NPR

Navy Navigation Errors May Have Killed More Troops Than Afghanistan So Far in 2017

The Navy has commissioned its latest big investigation after a series of deadly accidents in the Western Pacific, but there are no easy answers to the problems with the fleet.
The USS John S. McCain was left with a hole on its port side after a collision with oil tanker earlier this week, one of three such incidents this summer. / ROSLAN RAHMAN / Getty Images

A heartsick surface Navy is vowing to find answers after a series of mishaps that could make the peacetime Western Pacific deadlier for U.S. troops this year than Afghanistan.

The Navy began, as it often does, with accountability: On Wednesday it fired the three-star admiral whose command in the Western Pacific suffered at least four big accidents this year, two of which may have killed a combined 17 sailors.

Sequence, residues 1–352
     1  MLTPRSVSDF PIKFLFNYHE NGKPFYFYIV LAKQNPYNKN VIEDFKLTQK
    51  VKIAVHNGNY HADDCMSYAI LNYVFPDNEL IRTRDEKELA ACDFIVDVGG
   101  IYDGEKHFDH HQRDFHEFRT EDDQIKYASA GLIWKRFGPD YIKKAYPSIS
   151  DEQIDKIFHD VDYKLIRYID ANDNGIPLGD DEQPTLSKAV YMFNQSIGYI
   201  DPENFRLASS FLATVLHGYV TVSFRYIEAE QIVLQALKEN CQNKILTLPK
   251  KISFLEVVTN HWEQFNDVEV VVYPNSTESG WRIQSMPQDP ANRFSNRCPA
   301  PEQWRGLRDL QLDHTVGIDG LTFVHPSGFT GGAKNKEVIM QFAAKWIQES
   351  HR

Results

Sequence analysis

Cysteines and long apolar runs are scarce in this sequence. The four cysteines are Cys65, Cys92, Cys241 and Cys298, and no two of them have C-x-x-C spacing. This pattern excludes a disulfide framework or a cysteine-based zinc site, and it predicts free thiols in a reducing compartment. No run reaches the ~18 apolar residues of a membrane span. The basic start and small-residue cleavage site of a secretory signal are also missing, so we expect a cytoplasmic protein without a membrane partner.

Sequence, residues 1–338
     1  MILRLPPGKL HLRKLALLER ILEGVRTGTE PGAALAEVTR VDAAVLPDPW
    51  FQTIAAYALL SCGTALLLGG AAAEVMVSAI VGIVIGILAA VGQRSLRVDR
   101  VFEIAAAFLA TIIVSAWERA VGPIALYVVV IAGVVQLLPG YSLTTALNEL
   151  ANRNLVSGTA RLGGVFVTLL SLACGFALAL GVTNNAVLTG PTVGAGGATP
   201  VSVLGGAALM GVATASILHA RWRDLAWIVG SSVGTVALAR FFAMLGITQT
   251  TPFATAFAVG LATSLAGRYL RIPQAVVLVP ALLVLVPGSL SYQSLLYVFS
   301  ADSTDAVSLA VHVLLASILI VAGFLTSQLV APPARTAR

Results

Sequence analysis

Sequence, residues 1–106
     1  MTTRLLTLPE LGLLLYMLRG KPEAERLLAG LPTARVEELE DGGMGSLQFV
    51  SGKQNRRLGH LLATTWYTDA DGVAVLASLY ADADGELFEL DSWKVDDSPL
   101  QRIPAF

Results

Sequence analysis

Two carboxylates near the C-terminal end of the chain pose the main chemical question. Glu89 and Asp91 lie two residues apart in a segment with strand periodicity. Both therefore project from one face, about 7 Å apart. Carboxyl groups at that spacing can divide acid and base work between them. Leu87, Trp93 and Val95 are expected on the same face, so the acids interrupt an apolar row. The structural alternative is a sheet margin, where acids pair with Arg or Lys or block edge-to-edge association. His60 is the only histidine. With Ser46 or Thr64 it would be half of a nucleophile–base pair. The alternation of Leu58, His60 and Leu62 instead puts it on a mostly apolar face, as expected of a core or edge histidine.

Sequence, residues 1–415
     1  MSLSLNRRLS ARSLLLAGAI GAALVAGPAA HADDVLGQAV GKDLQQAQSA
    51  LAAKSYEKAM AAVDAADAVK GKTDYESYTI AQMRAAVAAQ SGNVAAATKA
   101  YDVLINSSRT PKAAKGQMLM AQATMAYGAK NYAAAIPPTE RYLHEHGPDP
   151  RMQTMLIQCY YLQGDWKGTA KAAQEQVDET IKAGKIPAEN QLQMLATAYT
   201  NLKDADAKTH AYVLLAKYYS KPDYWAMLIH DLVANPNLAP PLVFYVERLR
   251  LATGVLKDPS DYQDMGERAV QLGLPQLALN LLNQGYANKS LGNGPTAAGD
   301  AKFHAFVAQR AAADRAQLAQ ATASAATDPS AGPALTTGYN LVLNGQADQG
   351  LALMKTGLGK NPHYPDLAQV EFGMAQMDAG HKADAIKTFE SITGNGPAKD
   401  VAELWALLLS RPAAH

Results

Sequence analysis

An officer aboard the destroyer USS Stethem also was lost overboard off the Philippines on Aug. 1.

That compares to 11 service members killed in Afghanistan — details are available from and -- where President Trump on Monday authorized a big new deployment of

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